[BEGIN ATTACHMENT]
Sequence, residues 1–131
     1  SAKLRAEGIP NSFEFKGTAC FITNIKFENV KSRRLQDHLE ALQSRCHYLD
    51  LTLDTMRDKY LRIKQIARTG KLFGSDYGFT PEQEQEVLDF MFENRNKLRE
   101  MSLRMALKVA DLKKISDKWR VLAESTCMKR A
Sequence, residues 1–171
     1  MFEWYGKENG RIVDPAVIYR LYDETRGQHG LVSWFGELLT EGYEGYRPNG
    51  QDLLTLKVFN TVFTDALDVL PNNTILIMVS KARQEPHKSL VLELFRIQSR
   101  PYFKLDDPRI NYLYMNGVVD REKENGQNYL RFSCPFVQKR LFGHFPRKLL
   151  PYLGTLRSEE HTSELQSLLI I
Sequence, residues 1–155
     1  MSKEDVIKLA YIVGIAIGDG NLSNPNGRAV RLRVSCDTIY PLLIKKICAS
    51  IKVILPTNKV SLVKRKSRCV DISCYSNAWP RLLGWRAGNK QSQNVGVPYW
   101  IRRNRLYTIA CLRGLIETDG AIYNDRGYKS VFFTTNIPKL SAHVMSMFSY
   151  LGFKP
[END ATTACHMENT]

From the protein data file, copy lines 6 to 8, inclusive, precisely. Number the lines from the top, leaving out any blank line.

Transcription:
     1  MFEWYGKENG RIVDPAVIYR LYDETRGQHG LVSWFGELLT EGYEGYRPNG
    51  QDLLTLKVFN TVFTDALDVL PNNTILIMVS KARQEPHKSL VLELFRIQSR
   101  PYFKLDDPRI NYLYMNGVVD REKENGQNYL RFSCPFVQKR LFGHFPRKLL